American reaction to the massacre Friday at two mosques in New Zealand is mirroring the aftermath to October’s Pittsburgh synagogue shooting. This time, political divisions and fraught Trump-era politics are interfering with attempts by Jews and Christians to stand in solidarity with the Muslim community at a time of mourning.
The most visible and high-profile proof was the video posted on social media, showing a confrontation between several angry students and former first daughter Chelsea Clinton at a New York University vigil for the victims of the tragedy Friday night.
The video showed the students challenging Clinton’s right to take part in the event after previously condemning Democratic Rep. Ilhan Omar’s comments about U.S. policy toward Israel and the power of pro-Israel lobby, using language many critics believe contained anti-Semitic tropes.
Clinton came to show support after tweeting a message of solidarity calling for a “global response to the global threat of violent white nationalism” — the movement that motivated the New Zealand shooter.
She was confronted by a group that included NYU senior Leen Dweik, a Palestinian Muslim who told Clinton the memorial service was “the result of a massacre stoked by people like you and the words that you put out into the world,” and that “49 people died because of the rhetoric you put out there.” Rose Asaf, an Israeli-American Jew who says she co-founded the Jewish Voice for Peace chapter at NYU, recorded and posted the encounter.
Dweik and Asaf published a story in Buzzfeed Saturday defending their ambush of Clinton.
“We were shocked when Clinton arrived at the vigil, given that she had not yet apologized to Rep. Omar for the public vilification against her,” the women wrote. “We thought it was inappropriate for her to show up to a vigil for a community she had so recently stoked hatred against. … So when we saw Chelsea, we saw an opportunity to have her ear and confront her on her false charge of anti-Semitism against our only Black, Muslim, Somali, and refugee member of Congress. We took our chance to speak truth to power. Chelsea hurt our fight against white supremacy when she stood by the petty weaponizers of antisemitism, showing no regard for Rep. Omar and the hatred being directed at her.”
The two women, who said they had been subject to a “relentless bullying campaign” since the video was posted — including threats of death and sexual violence — continued: “We need people to understand that you cannot be racist against Palestinians, and vilify people who promote their cause, while also being in solidarity with Muslims. You cannot contribute to the anti-Muslim, anti-Black, and misogynistic abuse of Rep. Omar while also being in solidarity with Muslims.”
Dweik, who wore a Bernie Sanders campaign T-shirt to the vigil, tweeted later that the confrontation was not planned, although “i was going to disrupt [Clinton] if she spoke and say the same things that i said to her face.”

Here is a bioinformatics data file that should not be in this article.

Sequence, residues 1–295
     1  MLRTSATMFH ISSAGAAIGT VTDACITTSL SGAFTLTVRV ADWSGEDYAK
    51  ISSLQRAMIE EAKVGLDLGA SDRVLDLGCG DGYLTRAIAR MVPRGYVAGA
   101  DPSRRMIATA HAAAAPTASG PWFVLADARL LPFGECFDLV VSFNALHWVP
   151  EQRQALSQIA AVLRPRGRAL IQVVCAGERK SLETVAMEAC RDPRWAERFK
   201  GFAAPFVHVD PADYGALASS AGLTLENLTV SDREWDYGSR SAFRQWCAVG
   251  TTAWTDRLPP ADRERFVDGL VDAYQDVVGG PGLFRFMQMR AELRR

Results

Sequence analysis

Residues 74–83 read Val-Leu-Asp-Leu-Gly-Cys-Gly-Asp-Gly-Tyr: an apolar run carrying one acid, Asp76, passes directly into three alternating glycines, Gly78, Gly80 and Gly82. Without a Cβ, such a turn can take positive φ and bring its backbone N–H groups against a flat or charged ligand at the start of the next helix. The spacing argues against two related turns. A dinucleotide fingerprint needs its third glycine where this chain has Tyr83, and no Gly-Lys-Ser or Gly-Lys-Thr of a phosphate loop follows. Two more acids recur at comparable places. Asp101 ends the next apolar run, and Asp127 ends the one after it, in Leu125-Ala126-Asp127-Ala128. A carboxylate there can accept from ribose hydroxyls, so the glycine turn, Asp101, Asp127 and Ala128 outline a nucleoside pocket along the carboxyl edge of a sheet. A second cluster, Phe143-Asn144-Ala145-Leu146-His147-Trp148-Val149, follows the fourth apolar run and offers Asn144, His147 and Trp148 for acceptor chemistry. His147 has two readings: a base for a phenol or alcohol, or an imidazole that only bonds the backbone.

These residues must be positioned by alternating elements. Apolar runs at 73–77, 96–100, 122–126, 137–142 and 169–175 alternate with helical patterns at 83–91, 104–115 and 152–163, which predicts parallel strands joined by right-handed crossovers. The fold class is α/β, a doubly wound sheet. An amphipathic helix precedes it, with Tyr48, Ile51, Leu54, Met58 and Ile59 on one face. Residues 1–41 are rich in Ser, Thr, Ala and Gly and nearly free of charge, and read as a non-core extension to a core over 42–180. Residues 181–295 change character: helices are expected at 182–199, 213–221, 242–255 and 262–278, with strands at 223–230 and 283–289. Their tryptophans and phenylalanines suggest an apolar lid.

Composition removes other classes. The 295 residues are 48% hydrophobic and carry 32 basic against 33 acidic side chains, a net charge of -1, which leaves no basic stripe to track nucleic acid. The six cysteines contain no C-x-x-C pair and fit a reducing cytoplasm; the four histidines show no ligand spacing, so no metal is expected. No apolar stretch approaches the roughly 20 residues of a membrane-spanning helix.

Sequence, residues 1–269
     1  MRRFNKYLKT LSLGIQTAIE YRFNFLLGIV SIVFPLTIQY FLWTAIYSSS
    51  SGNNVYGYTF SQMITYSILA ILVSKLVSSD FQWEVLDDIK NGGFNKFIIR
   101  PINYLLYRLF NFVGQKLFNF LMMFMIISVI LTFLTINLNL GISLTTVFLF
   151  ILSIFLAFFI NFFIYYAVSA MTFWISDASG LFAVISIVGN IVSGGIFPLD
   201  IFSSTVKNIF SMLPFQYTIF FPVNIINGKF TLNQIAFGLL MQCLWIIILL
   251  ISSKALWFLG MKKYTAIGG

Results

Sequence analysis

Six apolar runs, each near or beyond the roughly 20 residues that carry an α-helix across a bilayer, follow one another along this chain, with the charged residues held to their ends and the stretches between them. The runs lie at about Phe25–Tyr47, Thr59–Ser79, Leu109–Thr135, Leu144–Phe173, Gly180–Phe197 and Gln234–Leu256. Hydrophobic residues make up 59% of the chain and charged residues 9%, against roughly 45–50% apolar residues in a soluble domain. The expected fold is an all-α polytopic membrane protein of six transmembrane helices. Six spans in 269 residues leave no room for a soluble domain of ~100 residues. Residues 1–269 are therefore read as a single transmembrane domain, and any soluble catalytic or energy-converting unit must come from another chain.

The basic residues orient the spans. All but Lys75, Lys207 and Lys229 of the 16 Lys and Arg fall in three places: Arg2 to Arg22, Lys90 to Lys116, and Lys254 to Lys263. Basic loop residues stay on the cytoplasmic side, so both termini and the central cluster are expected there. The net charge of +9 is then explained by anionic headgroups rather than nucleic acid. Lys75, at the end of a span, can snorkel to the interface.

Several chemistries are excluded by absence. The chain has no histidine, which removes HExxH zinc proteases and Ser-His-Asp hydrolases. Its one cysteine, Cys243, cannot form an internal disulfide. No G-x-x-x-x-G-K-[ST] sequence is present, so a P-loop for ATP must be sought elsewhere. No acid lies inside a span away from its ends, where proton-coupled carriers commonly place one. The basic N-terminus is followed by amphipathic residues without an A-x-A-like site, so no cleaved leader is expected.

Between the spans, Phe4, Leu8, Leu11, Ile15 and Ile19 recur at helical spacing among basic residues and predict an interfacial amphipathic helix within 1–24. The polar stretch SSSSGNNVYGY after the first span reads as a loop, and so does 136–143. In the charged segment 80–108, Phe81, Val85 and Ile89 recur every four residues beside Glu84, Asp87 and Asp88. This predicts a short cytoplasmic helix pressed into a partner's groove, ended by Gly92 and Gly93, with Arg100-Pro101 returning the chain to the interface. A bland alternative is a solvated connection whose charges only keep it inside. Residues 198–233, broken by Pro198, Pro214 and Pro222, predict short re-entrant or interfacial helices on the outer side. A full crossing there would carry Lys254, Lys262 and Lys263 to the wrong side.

“I can’t believe this has to be said, but I didn’t tell Chelsea Clinton she was the one who put a gun to Muslims’ heads,” she wrote. “I said, & continue to say, that by jumping on the right-wing bandwagon & villifying Ilhan Omar, she fed into the EXACT discourse we were at the vigil to protest.”
Echoing that message, Muslim activist and co-chair of the Women’s March Linda Sarsour tweeted Saturday that she was “triggered by those who piled on Representative Ilhan Omar and incited a hate mob against her until she got assassination threats now giving condolences to our community.”
Instead, Sarsour said, “What we need you to do is reflect on how you contribute to islamophobia and stop doing that.”
The NYU confrontation Friday was roundly condemned on social media by conservatives, with Donald Trump Jr. tweeting that it was “sickening” and defended her for “speaking up.”
Trump Jr. was quickly called out by others, like black and Jewish journalist Adam Serwer, who said it was clear his tweet was designed to “keep people fighting about this.”
One celebrity who joined the conversation, comedian Kathy Griffin, scoffed at Dweik’s distress at being bullied after the video was published, telling her to “Wake up. We are all on this planet together. @ChelseaClinton does not deserve your misdirected anger.”
On the left, journalist Glenn Greenwald defended the activists, saying that Clinton’s family’s “vehement pro-Israel politics, along with the role she bizarrely played in attacking Omar, made her a bad choice” to invite to the event.
Another left-wing journalist, Cenk Uygur, tweeted he hadn’t liked Clinton’s reaction to Omar, but that she “didn’t deserve that level of vitriol at the vigil where she came to help.”
New York mayor Bill de Blasio also weighed in, praising “the dignity and compassion” Clinton showed “in the face of irresponsible accusations” that she was in any way responsible for encouraging the sentiments that led to the bloodshed in New Zealand.
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